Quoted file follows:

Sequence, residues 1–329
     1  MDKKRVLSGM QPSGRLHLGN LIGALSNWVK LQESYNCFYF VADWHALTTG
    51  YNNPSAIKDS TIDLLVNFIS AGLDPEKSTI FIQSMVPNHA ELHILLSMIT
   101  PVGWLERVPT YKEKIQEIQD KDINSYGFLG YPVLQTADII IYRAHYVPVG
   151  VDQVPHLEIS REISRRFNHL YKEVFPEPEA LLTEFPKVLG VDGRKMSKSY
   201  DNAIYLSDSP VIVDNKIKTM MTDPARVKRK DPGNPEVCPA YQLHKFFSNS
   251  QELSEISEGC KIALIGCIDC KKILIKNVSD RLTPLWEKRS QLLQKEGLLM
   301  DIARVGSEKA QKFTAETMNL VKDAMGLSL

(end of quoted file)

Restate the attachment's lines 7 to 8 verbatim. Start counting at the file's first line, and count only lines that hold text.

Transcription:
   251  QELSEISEGC KIALIGCIDC KKILIKNVSD RLTPLWEKRS QLLQKEGLLM
   301  DIARVGSEKA QKFTAETMNL VKDAMGLSL